London Tenants Could be £1,800 Better Off Due to Brexit
By |Published On: 15th January 2019|

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London Tenants Could be £1,800 Better Off Due to Brexit

By |Published On: 15th January 2019|

This article is an external press release originally published on the Landlord News website, which has now been migrated to the Just Landlords blog.

London tenants could be £1,806 better off since the UK’s vote to leave the EU in June 2016, according to the latest Rental Index from Landbay, which is powered by MIAC.

Using a conservative projection, rent price growth in London is now 2.84% lower than expected back in June 2016, but this could be as high as 4.15%. This higher estimate would leave London tenants with an extra £1,806, due to subdued rent prices, or £1,218 for the mid-point calculation.

The capital’s property market, which has arguably suffered disproportionately from uncertainty since the EU referendum, saw average rent price growth drop from 1.26% in June 2016 to a low of -0.33% in June 2017, before starting a slow recovery in February 2018 (+0.05%), up to 0.58% in December last year.

The rest of the UK has largely stayed in line with expectations for growth, with the decline in rent price inflation being confined to London.

The average UK rent price rose by 0.96% in the year to December, Landbay reports. Nationally, growth continues to be weighed down by slower inflation in London on otherwise resilient increases in the rest of the UK (1.16% excluding the capital).

Rent prices in Wales (1.57%) and Scotland (1.48%) were growing more than 55% faster than the rest of the UK, and almost twice the rate of growth for Northern Ireland (0.75%).

On a regional level, rent price growth in the East Midlands (2.19%), West Midlands (1.48%), and Yorkshire and the Humber (1.40%) continues to lead the way, while growth in the North East (0.01%) continues its downward trend towards falling rents.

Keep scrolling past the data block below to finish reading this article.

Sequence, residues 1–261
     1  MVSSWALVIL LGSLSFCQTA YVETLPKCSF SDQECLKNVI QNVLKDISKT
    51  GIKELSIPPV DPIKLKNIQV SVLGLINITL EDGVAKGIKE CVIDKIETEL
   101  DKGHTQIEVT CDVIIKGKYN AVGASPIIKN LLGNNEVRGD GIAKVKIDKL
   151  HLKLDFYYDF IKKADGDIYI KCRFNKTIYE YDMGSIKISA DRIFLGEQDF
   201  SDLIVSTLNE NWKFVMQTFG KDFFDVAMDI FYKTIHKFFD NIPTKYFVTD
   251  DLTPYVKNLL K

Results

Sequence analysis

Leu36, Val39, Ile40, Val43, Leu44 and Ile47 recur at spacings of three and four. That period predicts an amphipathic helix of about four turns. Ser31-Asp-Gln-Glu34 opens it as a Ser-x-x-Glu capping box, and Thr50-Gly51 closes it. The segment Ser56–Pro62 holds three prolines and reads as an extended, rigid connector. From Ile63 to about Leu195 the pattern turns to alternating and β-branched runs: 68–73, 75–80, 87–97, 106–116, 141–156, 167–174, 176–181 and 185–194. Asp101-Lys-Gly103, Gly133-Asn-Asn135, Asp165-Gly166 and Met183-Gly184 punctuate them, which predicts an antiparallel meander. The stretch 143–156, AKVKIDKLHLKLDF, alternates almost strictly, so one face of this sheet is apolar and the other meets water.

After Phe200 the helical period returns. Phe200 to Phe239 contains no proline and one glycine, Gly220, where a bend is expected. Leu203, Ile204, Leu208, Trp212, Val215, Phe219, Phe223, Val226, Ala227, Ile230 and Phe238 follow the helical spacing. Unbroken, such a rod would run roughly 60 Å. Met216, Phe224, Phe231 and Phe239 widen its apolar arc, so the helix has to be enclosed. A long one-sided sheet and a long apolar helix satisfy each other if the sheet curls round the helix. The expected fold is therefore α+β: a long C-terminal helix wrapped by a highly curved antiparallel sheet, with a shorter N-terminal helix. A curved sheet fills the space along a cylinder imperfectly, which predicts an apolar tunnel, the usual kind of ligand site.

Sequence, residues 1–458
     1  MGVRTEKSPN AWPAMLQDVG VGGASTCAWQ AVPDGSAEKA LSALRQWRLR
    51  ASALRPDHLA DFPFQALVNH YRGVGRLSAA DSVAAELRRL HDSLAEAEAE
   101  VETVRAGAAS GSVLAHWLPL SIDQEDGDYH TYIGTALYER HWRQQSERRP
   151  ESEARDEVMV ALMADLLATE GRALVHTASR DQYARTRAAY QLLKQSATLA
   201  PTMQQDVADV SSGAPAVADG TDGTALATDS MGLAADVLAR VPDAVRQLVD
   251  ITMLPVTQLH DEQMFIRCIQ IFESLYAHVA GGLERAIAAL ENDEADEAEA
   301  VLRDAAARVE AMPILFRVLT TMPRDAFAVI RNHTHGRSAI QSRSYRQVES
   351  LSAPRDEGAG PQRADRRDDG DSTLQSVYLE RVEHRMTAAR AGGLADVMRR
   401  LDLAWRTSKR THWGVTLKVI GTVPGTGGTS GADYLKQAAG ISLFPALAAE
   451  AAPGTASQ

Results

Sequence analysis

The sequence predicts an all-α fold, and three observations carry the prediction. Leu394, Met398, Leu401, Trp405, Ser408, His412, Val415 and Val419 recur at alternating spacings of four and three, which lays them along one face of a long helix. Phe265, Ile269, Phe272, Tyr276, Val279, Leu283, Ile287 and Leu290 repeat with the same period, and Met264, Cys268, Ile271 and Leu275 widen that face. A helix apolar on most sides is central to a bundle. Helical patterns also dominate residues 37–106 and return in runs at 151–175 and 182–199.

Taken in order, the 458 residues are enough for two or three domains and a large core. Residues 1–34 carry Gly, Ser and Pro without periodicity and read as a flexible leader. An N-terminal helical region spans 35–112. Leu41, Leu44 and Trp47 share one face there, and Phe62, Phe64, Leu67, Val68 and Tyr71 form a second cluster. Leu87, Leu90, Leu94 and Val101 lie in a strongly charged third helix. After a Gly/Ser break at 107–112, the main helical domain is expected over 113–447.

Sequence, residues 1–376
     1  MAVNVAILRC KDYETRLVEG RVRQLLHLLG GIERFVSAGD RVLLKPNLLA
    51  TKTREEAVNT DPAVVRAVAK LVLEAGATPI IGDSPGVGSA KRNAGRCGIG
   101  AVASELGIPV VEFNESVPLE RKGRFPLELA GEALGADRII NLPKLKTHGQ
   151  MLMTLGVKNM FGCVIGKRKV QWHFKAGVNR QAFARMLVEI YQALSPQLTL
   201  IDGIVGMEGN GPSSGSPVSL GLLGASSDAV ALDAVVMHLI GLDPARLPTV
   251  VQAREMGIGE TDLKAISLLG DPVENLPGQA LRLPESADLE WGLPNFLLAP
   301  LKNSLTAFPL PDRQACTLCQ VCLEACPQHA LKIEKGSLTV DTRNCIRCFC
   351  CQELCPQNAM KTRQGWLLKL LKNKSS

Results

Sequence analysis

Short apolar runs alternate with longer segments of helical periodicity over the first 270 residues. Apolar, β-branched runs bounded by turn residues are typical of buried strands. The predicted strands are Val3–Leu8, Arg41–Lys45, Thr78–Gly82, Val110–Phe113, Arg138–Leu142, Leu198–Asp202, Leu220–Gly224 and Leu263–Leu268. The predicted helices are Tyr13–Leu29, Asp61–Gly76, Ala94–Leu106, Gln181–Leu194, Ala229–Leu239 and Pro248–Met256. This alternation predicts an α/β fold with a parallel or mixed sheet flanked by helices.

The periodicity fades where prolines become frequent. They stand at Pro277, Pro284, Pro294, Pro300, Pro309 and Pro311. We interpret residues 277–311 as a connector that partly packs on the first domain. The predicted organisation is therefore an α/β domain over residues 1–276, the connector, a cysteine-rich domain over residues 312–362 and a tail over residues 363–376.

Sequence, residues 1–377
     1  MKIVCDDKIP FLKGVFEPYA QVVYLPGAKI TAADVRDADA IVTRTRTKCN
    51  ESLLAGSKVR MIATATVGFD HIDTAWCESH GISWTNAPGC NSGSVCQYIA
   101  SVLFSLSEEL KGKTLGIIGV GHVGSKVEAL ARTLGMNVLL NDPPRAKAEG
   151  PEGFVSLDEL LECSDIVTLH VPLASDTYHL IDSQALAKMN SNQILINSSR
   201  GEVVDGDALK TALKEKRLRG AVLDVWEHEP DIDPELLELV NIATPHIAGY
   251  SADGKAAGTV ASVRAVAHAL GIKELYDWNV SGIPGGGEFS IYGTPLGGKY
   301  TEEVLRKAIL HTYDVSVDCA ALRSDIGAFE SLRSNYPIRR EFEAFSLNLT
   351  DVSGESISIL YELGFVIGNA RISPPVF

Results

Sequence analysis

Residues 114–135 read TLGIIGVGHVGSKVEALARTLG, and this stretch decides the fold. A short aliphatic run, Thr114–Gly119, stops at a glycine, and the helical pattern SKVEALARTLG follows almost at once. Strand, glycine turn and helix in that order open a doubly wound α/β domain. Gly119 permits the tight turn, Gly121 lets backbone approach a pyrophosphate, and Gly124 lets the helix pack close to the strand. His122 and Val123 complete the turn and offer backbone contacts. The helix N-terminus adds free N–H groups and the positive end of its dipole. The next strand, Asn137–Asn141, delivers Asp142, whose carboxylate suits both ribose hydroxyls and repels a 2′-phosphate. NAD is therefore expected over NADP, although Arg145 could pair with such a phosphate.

John Goodall, the CEO and Founder of Landbay, says: “It’s hard to ignore the impact that the vote to leave the EU has had on property market in London. While tenants are better off, without necessarily realising it, uncertainty in the market has caused a conundrum for landlords.

“Many landlords will have been looking to offset the Government’s punitive tax regime by raising rents, however, the uncertainty surrounding Brexit has forced the vast majority to forfeit this to maintain a steady income.”

He believes: “Employment and immigration are the two main concerns for the housing market when considering Brexit. While nobody is any clearer about Britain’s future relationship with the EU, it’s clear the impact of a no-deal Brexit would be significant for the UK economy and property market.”

The findings arrive as MPs prepare to vote on Theresa May’s Brexit deal today.

Another study claims that UK rents are expected to increase by an average of 11.4% by 2024.

About the Author: Em Morley (she/they)

Em is the Content Marketing Manager for Just Landlords, with over five years of experience writing for insurance and property websites. Together with the knowledge and expertise of the Just Landlords underwriting team, Em aims to provide those in the property industry with helpful resources. When she’s not at her computer researching and writing property and insurance guides, you’ll find her exploring the British countryside, searching for geocaches.

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